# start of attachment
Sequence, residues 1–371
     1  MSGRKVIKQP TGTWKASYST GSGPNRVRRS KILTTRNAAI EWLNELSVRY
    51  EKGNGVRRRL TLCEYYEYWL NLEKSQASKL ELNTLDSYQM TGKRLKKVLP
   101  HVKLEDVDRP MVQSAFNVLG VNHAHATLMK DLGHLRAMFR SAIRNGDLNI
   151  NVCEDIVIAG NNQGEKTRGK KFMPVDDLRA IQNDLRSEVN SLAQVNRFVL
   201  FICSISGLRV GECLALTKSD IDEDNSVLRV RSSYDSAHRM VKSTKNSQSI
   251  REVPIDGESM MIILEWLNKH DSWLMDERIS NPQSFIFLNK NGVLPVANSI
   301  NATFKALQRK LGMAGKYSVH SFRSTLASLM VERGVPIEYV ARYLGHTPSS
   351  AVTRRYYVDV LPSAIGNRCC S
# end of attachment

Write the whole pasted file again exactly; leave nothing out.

Sequence, residues 1–371
     1  MSGRKVIKQP TGTWKASYST GSGPNRVRRS KILTTRNAAI EWLNELSVRY
    51  EKGNGVRRRL TLCEYYEYWL NLEKSQASKL ELNTLDSYQM TGKRLKKVLP
   101  HVKLEDVDRP MVQSAFNVLG VNHAHATLMK DLGHLRAMFR SAIRNGDLNI
   151  NVCEDIVIAG NNQGEKTRGK KFMPVDDLRA IQNDLRSEVN SLAQVNRFVL
   201  FICSISGLRV GECLALTKSD IDEDNSVLRV RSSYDSAHRM VKSTKNSQSI
   251  REVPIDGESM MIILEWLNKH DSWLMDERIS NPQSFIFLNK NGVLPVANSI
   301  NATFKALQRK LGMAGKYSVH SFRSTLASLM VERGVPIEYV ARYLGHTPSS
   351  AVTRRYYVDV LPSAIGNRCC S